The House State Affairs Committee last month voted down the latest effort to change Idaho’s law, a financial disclosure bill unanimously recommended by a bipartisan group of legislators. The committee included Jordan, who voted in support of the bill; she told the Statesman that disclosing provides “an accountability measure against corruption.”
That wasn’t the first time lawmakers pondered such a mandate. The Senate in 2009 unanimously passed a financial disclosure bill, but the House never took it up.
All five candidates approached by the Statesman said they support financial disclosure. Little and Ahlquist have voluntarily disclosed their financial interests. Labrador is required to do so under federal rules, and Balukoff and Jordan plan to release theirs soon.
“Citizens have a right to know who their elected and appointed officials are doing business with, where they are receiving income, who they owe money to and how much, and whether they are involved in lawsuits,” said Balukoff.
Little, though, said he does not think we need a new law to do it.
“You lead by example,” he said. “That is why I have disclosed in this race, using the congressional disclosure model, and have pledged to disclose my financial interests while governor.”
Get a watchdog
Former Lewiston Rep. John Rusche, once a top Democrat in the Legislature, endured years of having Republicans scoff at his proposal to create an independent office of inspector general to investigate complaints of government waste and abuse.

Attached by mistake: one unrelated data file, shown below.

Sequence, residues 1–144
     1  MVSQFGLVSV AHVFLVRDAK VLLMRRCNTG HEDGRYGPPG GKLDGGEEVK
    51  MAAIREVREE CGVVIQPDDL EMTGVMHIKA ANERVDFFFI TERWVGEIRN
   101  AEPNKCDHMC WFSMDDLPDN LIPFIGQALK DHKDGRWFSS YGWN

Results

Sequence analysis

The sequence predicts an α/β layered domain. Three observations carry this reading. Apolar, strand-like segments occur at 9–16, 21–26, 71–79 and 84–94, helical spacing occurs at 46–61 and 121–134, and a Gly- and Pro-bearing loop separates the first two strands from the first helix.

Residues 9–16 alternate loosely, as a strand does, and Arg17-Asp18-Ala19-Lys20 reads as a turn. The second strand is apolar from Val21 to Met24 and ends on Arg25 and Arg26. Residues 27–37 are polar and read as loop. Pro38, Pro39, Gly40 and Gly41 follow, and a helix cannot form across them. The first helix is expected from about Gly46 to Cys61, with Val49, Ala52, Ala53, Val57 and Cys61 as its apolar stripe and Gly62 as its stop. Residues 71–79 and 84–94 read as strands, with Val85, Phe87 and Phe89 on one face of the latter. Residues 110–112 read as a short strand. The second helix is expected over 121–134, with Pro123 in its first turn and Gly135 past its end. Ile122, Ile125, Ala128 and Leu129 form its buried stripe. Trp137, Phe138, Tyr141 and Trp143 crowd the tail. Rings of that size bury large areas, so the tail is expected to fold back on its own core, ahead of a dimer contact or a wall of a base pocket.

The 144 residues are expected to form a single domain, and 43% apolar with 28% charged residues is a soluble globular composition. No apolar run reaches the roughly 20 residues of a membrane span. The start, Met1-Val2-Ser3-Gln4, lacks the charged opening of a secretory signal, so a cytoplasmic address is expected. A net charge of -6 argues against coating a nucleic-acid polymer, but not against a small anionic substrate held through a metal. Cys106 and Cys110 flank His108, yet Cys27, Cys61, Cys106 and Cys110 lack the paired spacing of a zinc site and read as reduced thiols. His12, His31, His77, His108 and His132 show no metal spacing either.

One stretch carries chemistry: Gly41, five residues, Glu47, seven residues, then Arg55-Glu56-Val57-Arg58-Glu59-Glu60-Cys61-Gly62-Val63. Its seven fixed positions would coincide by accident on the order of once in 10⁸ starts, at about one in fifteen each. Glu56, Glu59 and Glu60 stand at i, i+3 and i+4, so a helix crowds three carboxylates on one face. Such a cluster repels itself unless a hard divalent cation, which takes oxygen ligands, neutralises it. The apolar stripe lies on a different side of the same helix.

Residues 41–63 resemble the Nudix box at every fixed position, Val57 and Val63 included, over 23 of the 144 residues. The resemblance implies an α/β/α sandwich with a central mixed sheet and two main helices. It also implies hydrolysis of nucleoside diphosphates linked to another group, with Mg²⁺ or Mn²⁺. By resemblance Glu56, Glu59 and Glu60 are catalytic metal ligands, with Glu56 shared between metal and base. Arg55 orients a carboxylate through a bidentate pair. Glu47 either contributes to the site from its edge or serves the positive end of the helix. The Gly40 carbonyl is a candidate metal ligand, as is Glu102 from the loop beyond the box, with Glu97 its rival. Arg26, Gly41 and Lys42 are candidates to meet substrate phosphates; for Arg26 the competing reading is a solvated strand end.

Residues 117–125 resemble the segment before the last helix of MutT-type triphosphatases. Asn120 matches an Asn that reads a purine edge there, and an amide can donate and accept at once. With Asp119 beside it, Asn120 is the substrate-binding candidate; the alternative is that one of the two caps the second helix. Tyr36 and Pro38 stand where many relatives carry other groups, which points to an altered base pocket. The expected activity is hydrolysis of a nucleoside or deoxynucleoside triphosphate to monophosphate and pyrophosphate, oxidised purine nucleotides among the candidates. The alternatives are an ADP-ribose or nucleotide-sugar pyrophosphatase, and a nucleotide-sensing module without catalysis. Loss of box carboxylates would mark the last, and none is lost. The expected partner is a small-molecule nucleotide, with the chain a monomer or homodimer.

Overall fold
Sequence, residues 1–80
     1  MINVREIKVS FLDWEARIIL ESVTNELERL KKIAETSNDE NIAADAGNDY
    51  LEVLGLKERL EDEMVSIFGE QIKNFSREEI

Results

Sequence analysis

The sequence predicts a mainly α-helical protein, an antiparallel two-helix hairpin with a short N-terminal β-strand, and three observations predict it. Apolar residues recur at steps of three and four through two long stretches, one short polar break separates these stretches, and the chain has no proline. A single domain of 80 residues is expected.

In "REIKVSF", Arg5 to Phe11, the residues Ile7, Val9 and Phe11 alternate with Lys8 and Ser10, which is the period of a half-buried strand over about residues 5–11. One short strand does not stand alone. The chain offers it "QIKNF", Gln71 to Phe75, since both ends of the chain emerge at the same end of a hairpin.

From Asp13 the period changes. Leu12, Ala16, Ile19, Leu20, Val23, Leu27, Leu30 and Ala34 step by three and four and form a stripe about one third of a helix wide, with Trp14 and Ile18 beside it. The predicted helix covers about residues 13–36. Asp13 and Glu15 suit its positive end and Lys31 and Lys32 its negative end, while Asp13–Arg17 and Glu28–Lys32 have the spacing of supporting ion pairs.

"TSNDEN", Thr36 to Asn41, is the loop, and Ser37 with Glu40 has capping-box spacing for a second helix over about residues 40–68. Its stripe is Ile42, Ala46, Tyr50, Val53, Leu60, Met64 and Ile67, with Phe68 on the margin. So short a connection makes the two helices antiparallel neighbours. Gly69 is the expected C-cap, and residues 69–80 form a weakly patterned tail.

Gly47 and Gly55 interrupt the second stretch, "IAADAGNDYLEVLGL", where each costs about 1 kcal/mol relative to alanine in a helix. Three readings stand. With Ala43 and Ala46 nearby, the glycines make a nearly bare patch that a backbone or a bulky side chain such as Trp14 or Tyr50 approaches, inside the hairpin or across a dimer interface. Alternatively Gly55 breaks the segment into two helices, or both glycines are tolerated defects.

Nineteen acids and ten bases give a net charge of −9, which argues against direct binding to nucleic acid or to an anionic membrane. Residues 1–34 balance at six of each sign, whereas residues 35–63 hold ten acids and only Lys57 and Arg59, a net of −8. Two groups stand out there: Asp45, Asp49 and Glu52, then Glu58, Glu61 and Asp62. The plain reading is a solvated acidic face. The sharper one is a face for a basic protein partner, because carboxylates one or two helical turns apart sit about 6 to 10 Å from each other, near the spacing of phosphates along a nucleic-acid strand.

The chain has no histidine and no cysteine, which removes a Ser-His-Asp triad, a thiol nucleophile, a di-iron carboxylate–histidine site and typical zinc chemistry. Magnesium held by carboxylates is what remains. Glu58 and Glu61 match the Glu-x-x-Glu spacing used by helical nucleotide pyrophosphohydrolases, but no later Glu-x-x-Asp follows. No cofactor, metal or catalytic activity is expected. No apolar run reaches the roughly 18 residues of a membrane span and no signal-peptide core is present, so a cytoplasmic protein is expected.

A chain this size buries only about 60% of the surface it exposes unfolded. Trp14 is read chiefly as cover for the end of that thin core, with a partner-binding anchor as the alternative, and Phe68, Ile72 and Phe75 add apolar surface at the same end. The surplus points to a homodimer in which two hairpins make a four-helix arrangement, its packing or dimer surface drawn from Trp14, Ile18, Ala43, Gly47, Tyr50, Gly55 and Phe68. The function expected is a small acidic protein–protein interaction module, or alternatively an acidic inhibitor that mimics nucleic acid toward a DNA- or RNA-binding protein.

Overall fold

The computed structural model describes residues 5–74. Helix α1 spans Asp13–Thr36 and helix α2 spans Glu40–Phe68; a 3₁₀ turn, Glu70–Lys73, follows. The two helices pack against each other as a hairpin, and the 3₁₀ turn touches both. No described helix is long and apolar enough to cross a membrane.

Without an independent oversight board or other entity, state employees have nowhere else to go but to the courts.
“If there is malfeasance, fraud or even if they identify significant correctable errors, where can they go to get a fair hearing? To their boss? To the governor’s office?” Rusche told the Statesman in 2015. “It should not require a lawsuit to handle these situations.”
He attributed his bills’ failures to party prickliness, saying when a Democrat introduces ethics-related legislation, “it’s viewed as an attack on the governor, the Republican Party, the Republican Legislature.”
Balukoff wants to continue carrying his party’s torch: “I’m not sure what the politicians calling the shots are so afraid of. Idahoans entrust their elected leaders with billions of dollars every year. They have earned the right to have an independent inspector general investigate fraud and waste in our state government and hold people accountable for not using our tax dollars wisely.”
Jordan agrees: “It shouldn’t require a massive scandal to uncover an ethics violation — we should always be vigilant about misconduct.”
One of the GOP candidates, Labrador, also wants to hire a government watchdog.
“Investigating waste and corruption is an important function of government, and it is important that the state government ensure the investigations are being conducted independently of political considerations,” Labrador said.
The other two Republican candidates are taking a pass. Both Ahlquist and Little said the state already has the tools to tackle this issue: the governor’s office (Ahlquist) or the Legislature’s Office of Performance Evaluations and the state’s attorney general (Little).
“Fighting wasteful government spending, fraud and abuse is something I believe the governor needs to lead on,” Ahlquist said.
Idahoans are so frustrated with politicians who make empty promises, cut back-room deals, and pick winners and losers.
Raul Labrador, Republican
Slow the revolving door
Spend years in a government position. Learn the ins and outs and shortcuts. Then, leave public service, become a lobbyist, and use that experience and insider knowledge to gain sway with the state — and earn a bigger paycheck.
To curb this “revolving door” practice, many states have a “cooling-off period,” requiring elected officials and public servants to wait 12 or 24 months before taking a lobbying job.